Newspaper theft is a continuing problem for college publications

Mass theft of newspapers is a consistently reoccurring problem college journalists around the country face. The motive behind each instance is different, but every year thousands of student newspapers are removed from the stands, keeping them out of public hands.

In many cases, when student newspapers disappear from racks they are taken in response to controversial content published within that specific issue. In March, a press run of The Campus, the student newspaper at Ottawa University in Kansas, went missing after the newspaper ran an issue focusing on sex. A photograph of sexually positioned naked dolls was thought by Campus staff to have motivated the removal. More recently, copies of the Herald at Arkansas State University were allegedly stolen within two hours of hitting the stands the day an article was published exposing a sorority email that condoned underage drinking.

‘An opportunity to enlighten’

At the end of February, a small group of Texas A&M Corps of Cadets members removed copies of The Battalion before returning them later that day. The act was in response to The Battalion’s coverage of a Fighting Texas Aggie yell leader candidate who received a ticket for an alcohol-related incident.

Editor Matt Woolbright said each year the student body elects yell leaders, who serve as the official school spirit leaders at athletic events and are a members of the Corps of Cadets. Woolbright’s article ran shortly before yell leader elections.

Although the Corps members were quoted saying the newspapers were returned by 9 a.m., Woolbright said at 11 a.m. he did a sweep of campus, finding only about 30 to 40 newspapers on the main part of campus – out of the total press run of 18,000. By 3 p.m., Battalion staff checked campus again, finding 30 percent of the newspapers placed back in the racks by Woolbright’s estimation.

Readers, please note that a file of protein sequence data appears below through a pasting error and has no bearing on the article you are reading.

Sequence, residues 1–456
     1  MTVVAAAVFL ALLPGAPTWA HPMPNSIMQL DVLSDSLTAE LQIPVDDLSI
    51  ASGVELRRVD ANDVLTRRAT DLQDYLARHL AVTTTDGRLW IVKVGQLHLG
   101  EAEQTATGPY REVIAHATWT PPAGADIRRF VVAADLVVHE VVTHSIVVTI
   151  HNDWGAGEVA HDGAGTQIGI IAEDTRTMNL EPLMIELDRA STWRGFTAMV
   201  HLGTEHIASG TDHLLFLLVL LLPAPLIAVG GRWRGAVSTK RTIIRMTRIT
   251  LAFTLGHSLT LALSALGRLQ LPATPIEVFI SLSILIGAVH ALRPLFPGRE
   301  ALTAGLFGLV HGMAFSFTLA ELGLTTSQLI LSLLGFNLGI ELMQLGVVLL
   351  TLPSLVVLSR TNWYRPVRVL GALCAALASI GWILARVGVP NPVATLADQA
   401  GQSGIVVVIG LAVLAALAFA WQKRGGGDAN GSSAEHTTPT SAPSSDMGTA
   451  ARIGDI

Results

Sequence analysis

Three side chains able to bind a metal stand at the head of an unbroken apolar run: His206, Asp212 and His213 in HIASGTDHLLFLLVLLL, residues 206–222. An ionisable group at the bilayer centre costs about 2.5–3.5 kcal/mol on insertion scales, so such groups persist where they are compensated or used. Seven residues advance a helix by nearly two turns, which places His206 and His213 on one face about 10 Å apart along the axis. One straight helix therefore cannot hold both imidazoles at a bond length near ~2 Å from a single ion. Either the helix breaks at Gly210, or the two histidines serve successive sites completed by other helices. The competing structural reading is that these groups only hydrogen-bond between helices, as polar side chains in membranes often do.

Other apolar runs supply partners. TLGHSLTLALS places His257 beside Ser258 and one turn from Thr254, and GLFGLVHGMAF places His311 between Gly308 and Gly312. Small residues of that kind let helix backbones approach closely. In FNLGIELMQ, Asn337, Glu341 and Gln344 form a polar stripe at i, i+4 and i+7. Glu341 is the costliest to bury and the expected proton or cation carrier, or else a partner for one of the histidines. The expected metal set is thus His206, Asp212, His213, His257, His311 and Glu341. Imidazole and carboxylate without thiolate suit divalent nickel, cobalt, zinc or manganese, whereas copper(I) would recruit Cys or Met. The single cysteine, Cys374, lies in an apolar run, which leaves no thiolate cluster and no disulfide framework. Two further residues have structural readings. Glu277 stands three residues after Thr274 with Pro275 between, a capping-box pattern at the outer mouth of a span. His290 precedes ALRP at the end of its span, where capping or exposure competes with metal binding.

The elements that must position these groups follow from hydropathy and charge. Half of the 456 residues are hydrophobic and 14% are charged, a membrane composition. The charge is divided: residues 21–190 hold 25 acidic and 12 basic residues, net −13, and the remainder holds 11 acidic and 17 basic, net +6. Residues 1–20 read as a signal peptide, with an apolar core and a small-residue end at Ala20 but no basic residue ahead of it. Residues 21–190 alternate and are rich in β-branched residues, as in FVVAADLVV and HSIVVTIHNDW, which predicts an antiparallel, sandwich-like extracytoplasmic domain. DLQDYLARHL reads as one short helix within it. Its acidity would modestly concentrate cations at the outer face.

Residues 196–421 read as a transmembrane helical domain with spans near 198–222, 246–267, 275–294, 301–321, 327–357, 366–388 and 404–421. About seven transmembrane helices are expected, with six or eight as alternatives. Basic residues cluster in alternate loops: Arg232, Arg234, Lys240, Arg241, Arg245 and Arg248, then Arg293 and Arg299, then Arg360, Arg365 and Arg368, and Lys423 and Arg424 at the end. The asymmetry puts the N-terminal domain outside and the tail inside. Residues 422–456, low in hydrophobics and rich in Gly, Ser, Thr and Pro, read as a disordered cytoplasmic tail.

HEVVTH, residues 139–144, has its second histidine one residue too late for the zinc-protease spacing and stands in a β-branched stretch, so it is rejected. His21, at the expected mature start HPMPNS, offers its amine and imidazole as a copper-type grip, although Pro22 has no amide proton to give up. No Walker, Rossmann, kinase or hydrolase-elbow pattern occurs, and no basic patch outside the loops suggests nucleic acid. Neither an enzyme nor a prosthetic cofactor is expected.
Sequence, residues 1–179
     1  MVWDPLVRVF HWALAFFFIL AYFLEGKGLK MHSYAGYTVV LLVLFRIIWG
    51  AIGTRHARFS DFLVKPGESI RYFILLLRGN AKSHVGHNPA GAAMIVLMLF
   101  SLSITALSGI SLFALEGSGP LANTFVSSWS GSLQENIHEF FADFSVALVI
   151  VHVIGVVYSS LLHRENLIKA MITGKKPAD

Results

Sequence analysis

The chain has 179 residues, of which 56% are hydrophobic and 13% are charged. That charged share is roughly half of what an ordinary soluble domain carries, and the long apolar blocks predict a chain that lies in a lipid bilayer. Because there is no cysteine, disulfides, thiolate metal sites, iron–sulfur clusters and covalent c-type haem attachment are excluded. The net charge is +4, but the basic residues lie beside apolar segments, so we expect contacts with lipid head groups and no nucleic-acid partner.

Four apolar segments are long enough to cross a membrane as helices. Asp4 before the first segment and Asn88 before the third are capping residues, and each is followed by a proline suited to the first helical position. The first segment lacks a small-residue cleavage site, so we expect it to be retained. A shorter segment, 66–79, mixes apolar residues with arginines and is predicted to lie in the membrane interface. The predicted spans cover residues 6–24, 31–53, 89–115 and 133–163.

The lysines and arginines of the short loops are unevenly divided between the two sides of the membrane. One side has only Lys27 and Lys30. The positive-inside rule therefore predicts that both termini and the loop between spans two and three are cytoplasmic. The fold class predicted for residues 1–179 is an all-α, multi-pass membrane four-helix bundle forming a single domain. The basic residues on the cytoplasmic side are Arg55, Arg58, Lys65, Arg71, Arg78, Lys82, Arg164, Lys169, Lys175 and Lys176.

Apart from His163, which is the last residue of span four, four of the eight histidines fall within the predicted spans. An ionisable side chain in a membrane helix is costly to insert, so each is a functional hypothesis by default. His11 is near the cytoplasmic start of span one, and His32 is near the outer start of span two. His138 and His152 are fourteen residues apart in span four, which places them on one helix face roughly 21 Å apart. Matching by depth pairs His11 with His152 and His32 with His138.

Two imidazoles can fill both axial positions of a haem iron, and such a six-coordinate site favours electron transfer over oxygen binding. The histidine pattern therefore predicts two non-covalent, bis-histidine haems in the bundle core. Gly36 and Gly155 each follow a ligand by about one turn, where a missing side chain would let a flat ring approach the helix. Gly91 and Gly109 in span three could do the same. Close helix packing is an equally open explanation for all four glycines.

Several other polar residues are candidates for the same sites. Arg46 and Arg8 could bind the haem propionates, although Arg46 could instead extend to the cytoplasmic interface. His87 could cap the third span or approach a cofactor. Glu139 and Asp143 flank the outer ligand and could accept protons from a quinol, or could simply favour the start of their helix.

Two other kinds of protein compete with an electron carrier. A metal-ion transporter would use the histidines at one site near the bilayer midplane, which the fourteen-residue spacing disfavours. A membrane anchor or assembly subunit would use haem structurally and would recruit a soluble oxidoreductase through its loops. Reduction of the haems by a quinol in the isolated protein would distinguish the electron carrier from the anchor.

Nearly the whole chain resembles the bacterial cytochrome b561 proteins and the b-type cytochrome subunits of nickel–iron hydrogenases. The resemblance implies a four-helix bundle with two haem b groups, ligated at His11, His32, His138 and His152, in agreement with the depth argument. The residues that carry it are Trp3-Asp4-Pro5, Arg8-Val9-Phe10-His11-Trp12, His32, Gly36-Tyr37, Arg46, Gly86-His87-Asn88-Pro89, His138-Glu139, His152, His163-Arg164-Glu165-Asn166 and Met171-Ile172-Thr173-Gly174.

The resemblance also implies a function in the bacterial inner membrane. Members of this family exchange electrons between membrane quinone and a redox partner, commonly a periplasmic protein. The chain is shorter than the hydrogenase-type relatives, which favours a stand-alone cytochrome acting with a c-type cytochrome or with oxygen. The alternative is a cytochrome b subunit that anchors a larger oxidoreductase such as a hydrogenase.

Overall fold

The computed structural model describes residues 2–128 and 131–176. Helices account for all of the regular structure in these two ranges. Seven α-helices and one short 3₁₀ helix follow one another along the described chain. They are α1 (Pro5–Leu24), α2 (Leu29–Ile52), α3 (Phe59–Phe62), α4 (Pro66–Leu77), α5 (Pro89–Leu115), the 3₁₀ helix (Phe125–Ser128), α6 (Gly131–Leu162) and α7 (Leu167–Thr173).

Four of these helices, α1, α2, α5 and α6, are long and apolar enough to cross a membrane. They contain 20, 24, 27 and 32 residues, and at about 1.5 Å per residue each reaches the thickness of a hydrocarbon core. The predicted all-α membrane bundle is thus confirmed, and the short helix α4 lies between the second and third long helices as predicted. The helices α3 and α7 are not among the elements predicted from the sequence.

The Battalion compensated advertisers, whose ads went mostly unseen, by re-running all the ads for free, at a cost of $5,447.32 to the newspaper. Initially, the Battalion was looking to pursue restitution from the Corps through the university justice system, but has since decided to drop a judicial remedy.

“We’re not pursuing any financial remedy from those who took the newspapers because they returned them pretty quickly,” said Battalion General Manager Robert Wegener. “This was an opportunity to enlighten the campus community that it is a theft.”

The Battalion responded to the incident by publishing an article calling the act a theft in addition to an editorial by Woolbright titled “No Regrets,” defending the Battalion’s right to free speech amidst both student backlash and support.

The Corps of Cadets never apologized to the Battalion, something Wegener said he was never seeking, and it’s unknown whether any disciplinary action was taken within the Corps. Corps of Cadets Media Relations Coordinator Annette Walker said, at both the initial time of the incident and at a follow up, she knew nothing more than what the Battalion had published about the incident.

Flying Squirrel reflects

While the most consistent motive behind taking student newspapers is to cover up a controversy, it isn’t always the case. The act of stealing student newspapers has also been the focus of many college pranks, with no malicious intent other than humor.

In 2003, the SPLC reported a prank-gone-sour at the University of Wisconsin at River Falls. A group of students calling themselves the “Army of the Flying Squirrel” took 2,000 out of 3,400 copies of the Student Voice to fill a professor’s office. A “ransom” email was sent to then-editor Jen Cullens demanding the Student Voice print on its front page a picture of a flying squirrel, a naked picture of actress Bea Arthur and a football helmet full of cottage cheese—the latter two demands a reference from the movie “Airheads.” The email, signed “Squirrel Master, a.k.a. ‘Big Nut,’” also demanded the Voice print a “public apology... for everything it has ever printed.” “Squirrel Master” threatened that if the demands were not met, the Voice would be taken again the following week.